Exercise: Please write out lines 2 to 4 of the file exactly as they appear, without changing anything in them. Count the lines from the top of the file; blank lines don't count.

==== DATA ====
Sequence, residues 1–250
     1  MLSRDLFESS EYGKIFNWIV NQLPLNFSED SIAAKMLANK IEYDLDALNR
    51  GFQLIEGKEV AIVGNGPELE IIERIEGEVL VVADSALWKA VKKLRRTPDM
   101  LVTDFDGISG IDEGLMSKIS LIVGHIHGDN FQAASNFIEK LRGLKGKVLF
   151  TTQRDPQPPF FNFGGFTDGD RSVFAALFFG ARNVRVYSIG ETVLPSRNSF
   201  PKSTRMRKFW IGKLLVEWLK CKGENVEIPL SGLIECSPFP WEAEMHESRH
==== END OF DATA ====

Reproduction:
     1  MLSRDLFESS EYGKIFNWIV NQLPLNFSED SIAAKMLANK IEYDLDALNR
    51  GFQLIEGKEV AIVGNGPELE IIERIEGEVL VVADSALWKA VKKLRRTPDM
   101  LVTDFDGISG IDEGLMSKIS LIVGHIHGDN FQAASNFIEK LRGLKGKVLF